Issue 016, September 02, 2021
Patrick K. Bowen, Ph.D., R&D Manager
Sliding electrical contacts in aggressive environments provide a unique challenge for material selection. First, materials at the contact interface must maintain a low contact resistance and low degree of wear. Applications in fuel level sensing in automobiles, for instance, currently require a lifetime greater than 6 × 106 full cycles and 107 dither cycles on the potentiometric assembly that relays fuel level to the car computer. As an analog device, the electrical contact must also maintain a high degree of signal integrity throughout a lifetime immersed in gasoline.
Second, the bending beam that supplies the normal force at the contact interface must resist deformation and fracture. In conductive liquid environments, modes of mechanically induced corrosion are of paramount concern. Corrosion modes of particular relevance include stress corrosion cracking (SCC) for bending beams held at constant deflection, and corrosion fatigue cracking (CFC) for beams that frequently cycle through various levels of deflection. Detailed review of these corrosion modes may be found in Jones.
An engineered solution available from Deringer-Ney uses a low contact resistance material based on a noble metal bonded to a high-strength flexure that does not contain costly precious metal. The design and application of the composite contact, or “wiper,” is illustrated in Figure 1.
Figure 1: (A) Rendering of a composite wiper, illustrating (i) plastic over-molding, (ii) high-strength mechanical component made from base metal, and (iii) the noble metal electrical contact; and (B) Picture of the interior of a potentiometer comprising a similar composite wiper bearing on a resistive element fabricated using thick-film technology.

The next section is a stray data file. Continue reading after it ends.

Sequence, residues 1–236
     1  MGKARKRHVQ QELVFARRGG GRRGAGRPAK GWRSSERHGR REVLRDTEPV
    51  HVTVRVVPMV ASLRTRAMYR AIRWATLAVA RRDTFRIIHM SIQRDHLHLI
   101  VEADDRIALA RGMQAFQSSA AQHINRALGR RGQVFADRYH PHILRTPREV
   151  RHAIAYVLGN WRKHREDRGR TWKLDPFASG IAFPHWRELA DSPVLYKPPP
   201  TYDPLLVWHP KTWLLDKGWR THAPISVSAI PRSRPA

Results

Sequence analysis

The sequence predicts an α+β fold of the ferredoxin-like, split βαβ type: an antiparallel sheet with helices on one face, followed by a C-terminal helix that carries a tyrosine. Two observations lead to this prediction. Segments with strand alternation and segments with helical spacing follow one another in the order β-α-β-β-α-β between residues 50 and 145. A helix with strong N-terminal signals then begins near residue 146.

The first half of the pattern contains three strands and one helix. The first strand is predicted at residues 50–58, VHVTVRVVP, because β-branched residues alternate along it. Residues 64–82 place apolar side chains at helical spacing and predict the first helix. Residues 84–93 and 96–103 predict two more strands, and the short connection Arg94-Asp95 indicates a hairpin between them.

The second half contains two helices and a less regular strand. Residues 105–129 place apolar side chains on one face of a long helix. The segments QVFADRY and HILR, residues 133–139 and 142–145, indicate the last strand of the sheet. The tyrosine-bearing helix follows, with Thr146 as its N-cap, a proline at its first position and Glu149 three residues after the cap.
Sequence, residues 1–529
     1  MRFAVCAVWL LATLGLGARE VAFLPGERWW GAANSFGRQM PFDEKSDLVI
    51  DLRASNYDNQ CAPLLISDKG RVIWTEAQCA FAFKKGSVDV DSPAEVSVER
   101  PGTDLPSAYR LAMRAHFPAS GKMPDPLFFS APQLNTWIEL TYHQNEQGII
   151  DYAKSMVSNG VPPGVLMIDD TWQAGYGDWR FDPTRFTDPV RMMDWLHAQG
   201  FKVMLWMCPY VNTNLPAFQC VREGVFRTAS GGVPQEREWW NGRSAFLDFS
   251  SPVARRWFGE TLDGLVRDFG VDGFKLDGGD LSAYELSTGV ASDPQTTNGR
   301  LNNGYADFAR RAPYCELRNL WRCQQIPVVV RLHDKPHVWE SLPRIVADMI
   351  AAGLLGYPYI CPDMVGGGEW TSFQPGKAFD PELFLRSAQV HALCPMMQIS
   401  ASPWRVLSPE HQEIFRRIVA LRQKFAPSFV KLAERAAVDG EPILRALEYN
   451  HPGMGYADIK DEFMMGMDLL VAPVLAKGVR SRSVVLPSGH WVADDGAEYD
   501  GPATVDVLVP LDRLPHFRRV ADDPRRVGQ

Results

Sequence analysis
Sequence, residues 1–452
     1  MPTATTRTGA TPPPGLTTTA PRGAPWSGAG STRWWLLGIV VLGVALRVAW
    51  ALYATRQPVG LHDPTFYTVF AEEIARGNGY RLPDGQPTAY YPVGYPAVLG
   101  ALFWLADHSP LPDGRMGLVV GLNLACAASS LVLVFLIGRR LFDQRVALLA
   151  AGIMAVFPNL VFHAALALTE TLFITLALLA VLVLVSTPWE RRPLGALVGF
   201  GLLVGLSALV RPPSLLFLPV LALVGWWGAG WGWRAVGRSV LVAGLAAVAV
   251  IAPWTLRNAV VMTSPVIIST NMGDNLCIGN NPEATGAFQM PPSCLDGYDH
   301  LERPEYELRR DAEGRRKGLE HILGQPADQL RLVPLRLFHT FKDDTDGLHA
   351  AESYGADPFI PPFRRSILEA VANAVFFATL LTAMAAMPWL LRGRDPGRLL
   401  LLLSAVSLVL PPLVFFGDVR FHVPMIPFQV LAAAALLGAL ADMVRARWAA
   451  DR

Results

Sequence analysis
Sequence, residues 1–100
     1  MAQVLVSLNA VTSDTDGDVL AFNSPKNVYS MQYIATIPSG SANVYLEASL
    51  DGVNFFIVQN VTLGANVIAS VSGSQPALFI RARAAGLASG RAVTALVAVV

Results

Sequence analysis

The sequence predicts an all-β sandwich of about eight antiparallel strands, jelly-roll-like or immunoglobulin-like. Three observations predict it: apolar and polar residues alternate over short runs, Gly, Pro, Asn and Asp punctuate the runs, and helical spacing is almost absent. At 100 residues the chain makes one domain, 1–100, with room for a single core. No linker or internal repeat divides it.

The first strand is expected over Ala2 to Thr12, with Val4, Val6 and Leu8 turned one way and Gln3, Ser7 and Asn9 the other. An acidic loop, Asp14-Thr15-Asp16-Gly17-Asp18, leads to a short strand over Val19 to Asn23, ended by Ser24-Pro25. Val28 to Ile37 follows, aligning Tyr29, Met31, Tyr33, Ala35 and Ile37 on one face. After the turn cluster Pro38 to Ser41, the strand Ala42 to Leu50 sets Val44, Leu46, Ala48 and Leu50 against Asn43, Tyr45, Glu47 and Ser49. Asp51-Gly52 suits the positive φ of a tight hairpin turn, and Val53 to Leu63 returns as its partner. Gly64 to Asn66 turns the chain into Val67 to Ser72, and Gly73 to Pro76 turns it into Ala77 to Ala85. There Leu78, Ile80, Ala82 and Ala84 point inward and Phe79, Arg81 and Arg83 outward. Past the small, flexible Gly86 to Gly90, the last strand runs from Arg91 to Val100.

Contact materials have ranged from hard Pd-Ag-Cu-based materials, like Paliney® 6, to simple, soft alloys of gold. Hard electrical contact alloys are usually specified to combat abrasive wear. This may be accomplished either by matching material hardnesses on both sides of the contact pair (two-body abrasive wear), or by maximizing sliding contact hardness to reduce material removal by very hard particles (three-body abrasive wear). Softer materials, like gold, are sometimes selected to maximize material transfer from the sliding contact to the mating surface. Optimization of adhesive transfer can introduce a thick coating on the opposite surface, as shown in Figure 2. The interface effectively becomes a gold-on-gold electrical contact, with matched hardnesses and a correspondingly low rate of gold loss from the contact system.
Figure 2: Example of a potentiometer showing transfer of a soft gold electrical contact to the thick-film resistive element
Flexures have been successfully constructed from alloys of copper, nickel, and even titanium. Selection of one or another alloy is usually driven by a combination of strength, fatigue, corrosion, joining, and cost considerations. Techniques have been developed that enable a considerable range of noble metal contact materials to be welded to the aforementioned base metals. In one challenging case, a soft, gold-based alloy with a low melting point has been employed as the working contact with a high strength titanium flexure.
A high degree of customizability makes composite electrical contacts with noble metals on high-strength base metal flexures a powerful design option in electronic systems.
 Pitney KE. Ney Contact Manual: Electrical Contacts for Low Energy Uses. Bloomfield, Connecticut: The J. M. Ney Company; 1973. Available from: https://www.deringerney.com/publications/ney_electrical_contact_manual/
 Smith E, Ireland H. Contact systems for use in sulfur containing, reformulated gasolines. In: Electrical Contacts, 2004 Proceedings of the 50th IEEE Holm Conference on Electrical Contacts and the 22nd International Conference on Electrical Contacts. IEEE; 2004. p. 289–296.
 Jones DA. Principles and Prevention of Corrosion. Saddle River, NJ: Prentice Hall; 1996.